New Report Recommends Improving Federal Climate Information to Aid in Resilience Planning

Study Requested by Cantwell and Others Recommends Creating One Central Location for National Climate Information and Data

December 8, 2015
Washington, D.C. – Today, the Government Accountability Office (GAO) published a new report requested by U.S. Senator Maria Cantwell (D-Wash.), ranking member of the Senate Energy and Natural Resources Committee, and others on how the federal government provides climate information to decision makers to inform planning.

Addressing these challenges is critical to supporting communities and the nation experiencing changes across all geographies and sectors of the economy. The report concludes that providing climate information is particularly critical to preventing and mitigating long-term federal costs and fiscal exposures associated with climate change.

Preparing for and reducing the impacts of climate change, as well as improving access to climate information for businesses, governments and communities, is a priority for Ranking Member Cantwell.

“Climate inaction is costing taxpayers money at all levels,” Sen. Cantwell, ranking member of the Senate Energy and Natural Resources said. “Good information should be available to decision makers at the local, state and federal levels, so to better prepare for the impacts of climate change.”

The federal government has already incurred more than $300 billion in costs due to extreme weather and fire, and costs are expected to grow as natural disasters become more common and intensify due to climate change. Access to climate information, tools and technical assistance are critical to informing federal, tribal, state, local and private sector decisions. Governments aren’t alone in their exposure to climate-related risks. Businesses are increasingly concerned about climate impacts and risks, such as infrastructure and property damage, supply chain disruptions, commodity price volatility, and natural resource vulnerability and availability. Easily accessible and usable data are needed to help make decisions based on the risks of climate change impacts.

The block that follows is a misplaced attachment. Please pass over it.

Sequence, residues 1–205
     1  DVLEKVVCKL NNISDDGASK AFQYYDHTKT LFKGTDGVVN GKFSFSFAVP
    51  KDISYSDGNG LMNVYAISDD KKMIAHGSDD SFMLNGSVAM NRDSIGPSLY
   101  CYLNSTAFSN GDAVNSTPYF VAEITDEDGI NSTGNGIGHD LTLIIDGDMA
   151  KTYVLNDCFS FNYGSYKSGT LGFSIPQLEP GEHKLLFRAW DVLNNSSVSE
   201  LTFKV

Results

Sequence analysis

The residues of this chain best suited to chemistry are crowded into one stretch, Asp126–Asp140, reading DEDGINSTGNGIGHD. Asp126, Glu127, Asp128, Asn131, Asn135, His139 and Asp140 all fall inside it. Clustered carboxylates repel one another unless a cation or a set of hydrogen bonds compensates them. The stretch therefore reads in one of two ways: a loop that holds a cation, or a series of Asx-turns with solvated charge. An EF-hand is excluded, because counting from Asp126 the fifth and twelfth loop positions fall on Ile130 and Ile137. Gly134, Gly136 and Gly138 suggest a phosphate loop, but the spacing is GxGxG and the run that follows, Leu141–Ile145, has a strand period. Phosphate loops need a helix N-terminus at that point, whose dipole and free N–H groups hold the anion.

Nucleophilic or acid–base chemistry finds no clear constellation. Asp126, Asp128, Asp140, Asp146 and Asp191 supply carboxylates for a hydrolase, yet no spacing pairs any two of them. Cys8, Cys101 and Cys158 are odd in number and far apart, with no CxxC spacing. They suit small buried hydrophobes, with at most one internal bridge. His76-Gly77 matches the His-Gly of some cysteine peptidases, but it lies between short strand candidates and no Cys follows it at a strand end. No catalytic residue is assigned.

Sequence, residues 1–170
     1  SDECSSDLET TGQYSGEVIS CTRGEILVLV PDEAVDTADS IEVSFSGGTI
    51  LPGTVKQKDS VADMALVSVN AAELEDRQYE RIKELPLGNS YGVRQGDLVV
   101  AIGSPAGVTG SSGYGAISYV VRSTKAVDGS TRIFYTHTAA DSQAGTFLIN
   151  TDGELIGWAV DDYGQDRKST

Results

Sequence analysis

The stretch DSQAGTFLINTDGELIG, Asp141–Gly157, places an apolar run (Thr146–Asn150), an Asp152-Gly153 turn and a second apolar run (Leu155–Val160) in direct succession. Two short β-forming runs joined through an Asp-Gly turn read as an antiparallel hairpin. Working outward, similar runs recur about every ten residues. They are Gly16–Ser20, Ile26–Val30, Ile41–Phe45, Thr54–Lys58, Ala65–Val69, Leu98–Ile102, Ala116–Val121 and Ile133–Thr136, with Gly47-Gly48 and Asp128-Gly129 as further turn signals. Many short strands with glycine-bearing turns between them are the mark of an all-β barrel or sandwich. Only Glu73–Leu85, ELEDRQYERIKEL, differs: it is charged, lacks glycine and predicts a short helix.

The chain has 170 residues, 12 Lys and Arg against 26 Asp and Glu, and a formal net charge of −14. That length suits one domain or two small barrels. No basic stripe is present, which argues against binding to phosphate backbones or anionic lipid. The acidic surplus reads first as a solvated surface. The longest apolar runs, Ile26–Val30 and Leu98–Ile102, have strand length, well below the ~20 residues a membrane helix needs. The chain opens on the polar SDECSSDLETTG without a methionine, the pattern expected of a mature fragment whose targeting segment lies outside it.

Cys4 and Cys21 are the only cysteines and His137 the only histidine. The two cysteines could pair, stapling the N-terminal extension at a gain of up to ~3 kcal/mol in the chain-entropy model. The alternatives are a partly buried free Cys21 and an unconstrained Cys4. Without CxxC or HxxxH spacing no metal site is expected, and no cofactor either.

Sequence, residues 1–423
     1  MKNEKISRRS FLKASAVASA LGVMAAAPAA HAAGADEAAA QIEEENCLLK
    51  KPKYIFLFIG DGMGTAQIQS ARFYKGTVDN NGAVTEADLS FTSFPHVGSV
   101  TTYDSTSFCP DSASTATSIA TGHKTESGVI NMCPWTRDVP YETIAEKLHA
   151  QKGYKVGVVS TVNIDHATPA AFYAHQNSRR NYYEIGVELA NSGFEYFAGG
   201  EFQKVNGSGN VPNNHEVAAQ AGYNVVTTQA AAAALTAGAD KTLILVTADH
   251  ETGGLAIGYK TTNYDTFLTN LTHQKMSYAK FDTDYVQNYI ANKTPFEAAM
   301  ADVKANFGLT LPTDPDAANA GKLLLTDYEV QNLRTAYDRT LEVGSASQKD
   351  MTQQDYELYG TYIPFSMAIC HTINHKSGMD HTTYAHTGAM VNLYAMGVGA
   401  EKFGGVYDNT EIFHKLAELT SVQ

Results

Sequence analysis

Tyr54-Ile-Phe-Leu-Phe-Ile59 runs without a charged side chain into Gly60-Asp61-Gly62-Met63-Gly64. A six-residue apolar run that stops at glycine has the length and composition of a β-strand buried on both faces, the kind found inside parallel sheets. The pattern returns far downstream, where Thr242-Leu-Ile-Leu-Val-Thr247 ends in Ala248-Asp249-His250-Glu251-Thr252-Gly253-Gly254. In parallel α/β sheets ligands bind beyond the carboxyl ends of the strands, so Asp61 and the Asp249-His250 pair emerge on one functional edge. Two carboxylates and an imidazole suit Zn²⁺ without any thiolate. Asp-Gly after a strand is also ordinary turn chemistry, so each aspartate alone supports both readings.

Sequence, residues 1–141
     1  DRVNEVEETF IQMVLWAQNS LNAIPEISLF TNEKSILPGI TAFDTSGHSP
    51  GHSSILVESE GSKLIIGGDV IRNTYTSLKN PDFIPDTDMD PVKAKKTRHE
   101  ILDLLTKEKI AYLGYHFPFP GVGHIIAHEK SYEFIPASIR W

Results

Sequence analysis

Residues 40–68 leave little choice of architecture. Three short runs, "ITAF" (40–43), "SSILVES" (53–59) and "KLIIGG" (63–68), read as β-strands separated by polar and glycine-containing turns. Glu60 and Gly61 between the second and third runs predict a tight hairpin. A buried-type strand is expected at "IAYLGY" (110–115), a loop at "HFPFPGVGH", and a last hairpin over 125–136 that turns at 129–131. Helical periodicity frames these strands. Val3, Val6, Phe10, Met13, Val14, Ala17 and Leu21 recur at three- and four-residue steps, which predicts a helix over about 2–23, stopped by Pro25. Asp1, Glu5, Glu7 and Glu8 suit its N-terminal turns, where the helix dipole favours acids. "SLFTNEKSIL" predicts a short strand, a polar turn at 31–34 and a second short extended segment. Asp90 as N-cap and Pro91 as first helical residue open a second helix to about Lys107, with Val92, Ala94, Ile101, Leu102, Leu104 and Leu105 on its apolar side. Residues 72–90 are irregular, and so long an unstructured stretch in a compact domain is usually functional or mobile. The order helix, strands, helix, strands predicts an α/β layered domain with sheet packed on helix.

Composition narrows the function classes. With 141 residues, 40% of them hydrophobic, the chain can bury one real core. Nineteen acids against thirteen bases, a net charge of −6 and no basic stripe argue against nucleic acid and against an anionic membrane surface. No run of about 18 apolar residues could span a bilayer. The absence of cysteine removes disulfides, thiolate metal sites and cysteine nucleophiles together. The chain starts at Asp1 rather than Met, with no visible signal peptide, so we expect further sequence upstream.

The report, Climate Information: A National System Could Help Federal, State, Local and Private Sector Decision Makers Use Climate Information, identifies a lack of authoritative and easily accessible federal data on climate and its impacts as a major challenge—despite recent efforts to develop publicly available climate information on the government’s DATA.GOV portal. The GAO report recommends that the federal government establish a national climate information system with federal leadership, develop authoritative federal data and data quality guidelines, and better define the roles of federal agencies and partnerships with nonfederal entities.

Currently, the federal government’s climate data “are fragmented across individual agencies that use the information in different ways to meet their missions,” according to the GAO analysis. A previous GAO study earlier this year “found that federal, state, local and private sector decision makers may be unaware that climate information exists or be unable to use what is available.”

Sen. Cantwell requested this report with Reps. Frank Pallone (NJ-06) and Matthew Cartwright (PA-17), asking GAO to examine:

  • The extent to which federal efforts meet the climate information needs of federal, state, local and private decision makers;
  • Examples of how, if at all, other countries have organized systems to meet the climate information needs of decision makers;
  • Whether and how the U.S. federal efforts to provide climate information could be improved; and
  • What options exist to provide climate information to U.S. decision makers, and the strengths and limitations of each option.

This report builds on other efforts by Sen. Cantwell to support a more resilient nation by addressing and reducing the impacts of climate change. Last month, Sen. Cantwell and Sen. Collins requested that GAO conduct a comprehensive study on the costs and risks to the U.S. government from climate change and to evaluate policy actions that may be taken by the federal government to address these costs and risks. Sen. Cantwell also recently secured the votes to move a bill to address long-term water and drought resilience in the state of Washington out of the Committee on Energy and Natural Resources.  Cantwell is committed to ensuring that communities across the country are armed with the best scientific information, tools and institutions to ensure their long-term climate resilience.

Read the full GAO report here.